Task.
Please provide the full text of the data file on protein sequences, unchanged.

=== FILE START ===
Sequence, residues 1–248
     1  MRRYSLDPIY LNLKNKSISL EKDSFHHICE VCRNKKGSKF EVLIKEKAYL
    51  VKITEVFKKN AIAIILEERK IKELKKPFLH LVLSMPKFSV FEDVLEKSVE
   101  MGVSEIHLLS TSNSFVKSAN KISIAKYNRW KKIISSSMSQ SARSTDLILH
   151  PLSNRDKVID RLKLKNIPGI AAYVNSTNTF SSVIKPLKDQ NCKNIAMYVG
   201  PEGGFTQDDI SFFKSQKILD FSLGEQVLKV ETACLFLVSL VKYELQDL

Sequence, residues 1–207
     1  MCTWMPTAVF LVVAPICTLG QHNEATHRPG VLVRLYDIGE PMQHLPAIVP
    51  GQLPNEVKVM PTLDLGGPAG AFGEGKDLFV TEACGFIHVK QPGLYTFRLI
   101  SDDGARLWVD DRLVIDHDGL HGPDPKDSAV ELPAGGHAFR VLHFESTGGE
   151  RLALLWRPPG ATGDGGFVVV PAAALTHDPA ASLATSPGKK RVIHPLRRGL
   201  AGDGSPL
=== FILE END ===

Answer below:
Sequence, residues 1–248
     1  MRRYSLDPIY LNLKNKSISL EKDSFHHICE VCRNKKGSKF EVLIKEKAYL
    51  VKITEVFKKN AIAIILEERK IKELKKPFLH LVLSMPKFSV FEDVLEKSVE
   101  MGVSEIHLLS TSNSFVKSAN KISIAKYNRW KKIISSSMSQ SARSTDLILH
   151  PLSNRDKVID RLKLKNIPGI AAYVNSTNTF SSVIKPLKDQ NCKNIAMYVG
   201  PEGGFTQDDI SFFKSQKILD FSLGEQVLKV ETACLFLVSL VKYELQDL

Sequence, residues 1–207
     1  MCTWMPTAVF LVVAPICTLG QHNEATHRPG VLVRLYDIGE PMQHLPAIVP
    51  GQLPNEVKVM PTLDLGGPAG AFGEGKDLFV TEACGFIHVK QPGLYTFRLI
   101  SDDGARLWVD DRLVIDHDGL HGPDPKDSAV ELPAGGHAFR VLHFESTGGE
   151  RLALLWRPPG ATGDGGFVVV PAAALTHDPA ASLATSPGKK RVIHPLRRGL
   201  AGDGSPL